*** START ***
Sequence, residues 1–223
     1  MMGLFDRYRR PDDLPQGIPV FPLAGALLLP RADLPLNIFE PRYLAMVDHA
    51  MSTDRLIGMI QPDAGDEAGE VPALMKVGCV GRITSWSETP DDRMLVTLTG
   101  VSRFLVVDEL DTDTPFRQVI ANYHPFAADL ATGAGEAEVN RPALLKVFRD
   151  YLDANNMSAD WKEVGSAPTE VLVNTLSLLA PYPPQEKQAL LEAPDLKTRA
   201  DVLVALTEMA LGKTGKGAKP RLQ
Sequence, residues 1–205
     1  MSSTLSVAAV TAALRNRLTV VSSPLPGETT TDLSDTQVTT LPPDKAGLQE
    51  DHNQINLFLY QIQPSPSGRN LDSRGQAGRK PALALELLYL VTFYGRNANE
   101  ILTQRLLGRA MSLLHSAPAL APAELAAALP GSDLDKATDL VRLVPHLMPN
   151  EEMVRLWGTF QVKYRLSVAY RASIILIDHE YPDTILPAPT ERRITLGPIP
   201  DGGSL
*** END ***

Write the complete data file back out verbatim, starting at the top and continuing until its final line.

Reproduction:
Sequence, residues 1–223
     1  MMGLFDRYRR PDDLPQGIPV FPLAGALLLP RADLPLNIFE PRYLAMVDHA
    51  MSTDRLIGMI QPDAGDEAGE VPALMKVGCV GRITSWSETP DDRMLVTLTG
   101  VSRFLVVDEL DTDTPFRQVI ANYHPFAADL ATGAGEAEVN RPALLKVFRD
   151  YLDANNMSAD WKEVGSAPTE VLVNTLSLLA PYPPQEKQAL LEAPDLKTRA
   201  DVLVALTEMA LGKTGKGAKP RLQ
Sequence, residues 1–205
     1  MSSTLSVAAV TAALRNRLTV VSSPLPGETT TDLSDTQVTT LPPDKAGLQE
    51  DHNQINLFLY QIQPSPSGRN LDSRGQAGRK PALALELLYL VTFYGRNANE
   101  ILTQRLLGRA MSLLHSAPAL APAELAAALP GSDLDKATDL VRLVPHLMPN
   151  EEMVRLWGTF QVKYRLSVAY RASIILIDHE YPDTILPAPT ERRITLGPIP
   201  DGGSL